Regarding API, I just found myself needing a function of type List (Fuzzer a) -> Fuzzer (List a) so I created like follows. Is this friendly with the shrinking mechanism of elm-minithesis?

fromList : List (MF.Fuzzer a) -> MF.Fuzzer (List a)
fromList list =
    List.foldr (MF.map2 (::)) (MF.constant []) list

I arrived in this situation because I want to generate correlated lists of dependencies, i.e. the package names in the dependencies are the same that those available:

type alias Dependencies =
    List ( ( String, Version ), List ( String, Range ) )

{-| Names of packages are the same that those of dependencies.
correlatedDependencies : MF.Fuzzer Dependencies
correlatedDependencies =
    MF.list name
        |> MF.andThen
            (\packages ->
                fromList <|
                        (\p ->
                                (MF.tuple (MF.constant p) version)
                                (Debug.todo "List of dependencies, use names from `packages`")

Is there a better way to do this that do not involve the fromList function?

By the way, without the docs.json file, the docs preview does not show the API doc

Thanks, I put it back in!

I was a bit worried about List.foldr but it worked out fine, the choices are in the right order:

> F.exampleWithRuns (fromList [F.constant 1, F.oneOfValues [42, 43], F.int 90 99])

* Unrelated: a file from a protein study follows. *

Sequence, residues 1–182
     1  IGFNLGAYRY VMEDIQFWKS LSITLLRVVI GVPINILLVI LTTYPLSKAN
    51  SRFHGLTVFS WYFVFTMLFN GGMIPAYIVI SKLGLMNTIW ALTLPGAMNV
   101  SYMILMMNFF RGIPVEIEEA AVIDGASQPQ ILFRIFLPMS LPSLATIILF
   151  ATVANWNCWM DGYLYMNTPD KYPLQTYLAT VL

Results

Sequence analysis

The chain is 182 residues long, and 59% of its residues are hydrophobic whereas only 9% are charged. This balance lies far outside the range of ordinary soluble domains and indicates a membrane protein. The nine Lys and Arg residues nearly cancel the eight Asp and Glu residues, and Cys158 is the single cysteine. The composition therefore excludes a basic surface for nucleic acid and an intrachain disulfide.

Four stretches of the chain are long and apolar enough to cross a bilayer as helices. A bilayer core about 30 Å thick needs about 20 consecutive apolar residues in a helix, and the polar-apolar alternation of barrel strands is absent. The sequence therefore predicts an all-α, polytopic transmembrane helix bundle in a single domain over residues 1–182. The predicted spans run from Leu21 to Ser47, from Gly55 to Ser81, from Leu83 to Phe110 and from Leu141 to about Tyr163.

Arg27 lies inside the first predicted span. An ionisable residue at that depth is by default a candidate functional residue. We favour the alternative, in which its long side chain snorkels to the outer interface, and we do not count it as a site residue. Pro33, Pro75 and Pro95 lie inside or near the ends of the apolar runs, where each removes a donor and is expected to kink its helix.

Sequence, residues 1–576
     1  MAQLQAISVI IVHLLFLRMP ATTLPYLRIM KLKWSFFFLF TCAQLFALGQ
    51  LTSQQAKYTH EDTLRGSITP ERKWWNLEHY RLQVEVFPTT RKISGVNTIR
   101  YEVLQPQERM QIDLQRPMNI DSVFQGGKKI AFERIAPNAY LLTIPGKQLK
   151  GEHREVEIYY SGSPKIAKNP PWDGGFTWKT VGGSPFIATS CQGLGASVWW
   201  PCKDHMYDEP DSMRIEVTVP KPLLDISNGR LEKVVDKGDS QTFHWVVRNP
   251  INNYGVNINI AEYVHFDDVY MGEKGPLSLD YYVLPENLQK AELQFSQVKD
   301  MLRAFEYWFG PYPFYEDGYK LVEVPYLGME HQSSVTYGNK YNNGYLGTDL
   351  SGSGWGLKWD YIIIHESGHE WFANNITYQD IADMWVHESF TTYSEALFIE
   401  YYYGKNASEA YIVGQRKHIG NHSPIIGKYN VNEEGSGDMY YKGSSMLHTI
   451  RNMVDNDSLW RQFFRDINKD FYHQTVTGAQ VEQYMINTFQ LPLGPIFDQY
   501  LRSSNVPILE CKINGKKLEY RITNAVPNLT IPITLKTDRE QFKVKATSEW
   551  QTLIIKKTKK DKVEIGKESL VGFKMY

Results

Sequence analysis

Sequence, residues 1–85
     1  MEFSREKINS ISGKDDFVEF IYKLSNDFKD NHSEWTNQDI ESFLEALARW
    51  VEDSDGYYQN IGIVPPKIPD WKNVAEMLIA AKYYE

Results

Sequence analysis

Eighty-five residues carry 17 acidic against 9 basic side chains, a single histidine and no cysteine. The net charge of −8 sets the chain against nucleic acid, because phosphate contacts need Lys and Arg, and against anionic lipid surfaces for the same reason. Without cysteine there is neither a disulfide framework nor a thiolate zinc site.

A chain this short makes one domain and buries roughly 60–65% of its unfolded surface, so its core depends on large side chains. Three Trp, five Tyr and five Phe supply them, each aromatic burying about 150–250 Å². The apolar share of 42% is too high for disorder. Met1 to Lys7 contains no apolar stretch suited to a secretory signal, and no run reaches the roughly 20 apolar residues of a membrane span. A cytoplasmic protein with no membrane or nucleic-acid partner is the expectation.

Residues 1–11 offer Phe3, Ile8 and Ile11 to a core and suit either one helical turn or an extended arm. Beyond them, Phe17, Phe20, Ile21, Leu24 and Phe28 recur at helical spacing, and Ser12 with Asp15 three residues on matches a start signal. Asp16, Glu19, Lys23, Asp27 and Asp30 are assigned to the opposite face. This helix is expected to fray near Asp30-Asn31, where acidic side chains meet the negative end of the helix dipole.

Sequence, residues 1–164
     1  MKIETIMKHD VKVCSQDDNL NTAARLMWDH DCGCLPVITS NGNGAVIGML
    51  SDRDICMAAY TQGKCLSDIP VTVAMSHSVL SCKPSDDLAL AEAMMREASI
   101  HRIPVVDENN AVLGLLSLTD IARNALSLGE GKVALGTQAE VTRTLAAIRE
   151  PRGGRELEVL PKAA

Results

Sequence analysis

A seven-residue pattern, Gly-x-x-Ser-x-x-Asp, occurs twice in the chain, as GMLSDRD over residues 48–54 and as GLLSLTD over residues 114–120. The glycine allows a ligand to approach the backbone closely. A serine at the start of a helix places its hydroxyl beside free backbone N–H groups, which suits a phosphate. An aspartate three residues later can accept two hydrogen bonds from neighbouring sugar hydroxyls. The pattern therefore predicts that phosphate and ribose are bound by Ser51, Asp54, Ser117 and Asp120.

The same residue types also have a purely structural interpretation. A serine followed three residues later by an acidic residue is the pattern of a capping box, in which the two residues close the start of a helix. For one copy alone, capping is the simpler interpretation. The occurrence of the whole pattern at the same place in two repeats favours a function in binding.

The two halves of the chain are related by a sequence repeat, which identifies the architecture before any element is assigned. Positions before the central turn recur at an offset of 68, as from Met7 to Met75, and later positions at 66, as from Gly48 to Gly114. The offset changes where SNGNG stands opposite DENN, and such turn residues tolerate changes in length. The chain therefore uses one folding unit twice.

[ { example = [1,43,99], randomRun = [1,9] } -- `constant` generates no choice,
  , { example = [1,42,91], randomRun = [0,1] } -- randomRun[0] corresponds to the `oneOfValues`
  , { example = [1,42,93], randomRun = [0,3] } -- randomRun[1] corresponds to the `int`
  , { example = [1,43,92], randomRun = [1,2] }
  , ...

So you should be fine!

I think I could include this in the lib, as sequence or combine or some such.

I’ve created fuzz tests that heavily rely on andThen to generate sets package names and dependency names that are correlated. This enabled testing of elm-pubgrub and uncovered a bug triggered when the root package is not compatible with itself (root depends on not root). Now I’m a little more confident that the Debug.todo branches left in elm-pubgrub are unreachable, so thank you for elm-minithesis!

My tests are here if you are interested in having a look. Among the new functions I needed, some may be generic enough to be included in minithesis. There is the sequence one as you called it earlier.

sequence : List (Fuzzer a) -> Fuzzer (List a)
sequence =
    List.foldr (map2 (::)) (constant [])

Another one is some kind of a subset or subsetBy function, which picks up some elements from a list. (I’ve added below a possible implementation, only correct if no duplicates are wanted)

subset : List comparable -> Fuzzer (List comparable)
subset l =
    uniqueList (oneOfValues l)

subsetBy : (a -> comparable) -> List a -> Fuzzer (List a)
subsetBy f l =
    uniqueByList f (oneOfValues l)

Maybe subset could even take an unconstrained type parameter if there was some kind of a shuffle : List a -> Fuzzer (List a) fuzzer.

subset : List a -> Fuzzer (List a)
subset l =
    map2 List.take (int 0 (List.length l)) (shuffle l)

A wild guess at a shuffle implementation:

shuffle : List a -> Fuzzer (List a)
shuffle l =
    List.map (\a -> map2 tuple anyNumericInt (constant a)) l
        -- List (Fuzzer (Int, a))
        |> sequence
        -- Fuzzer (List (Int, a))
        |> map (List.sortBy Tuple.first)
        -- Fuzzer (List (Int, a))
        |> map (List.map Tuple.second)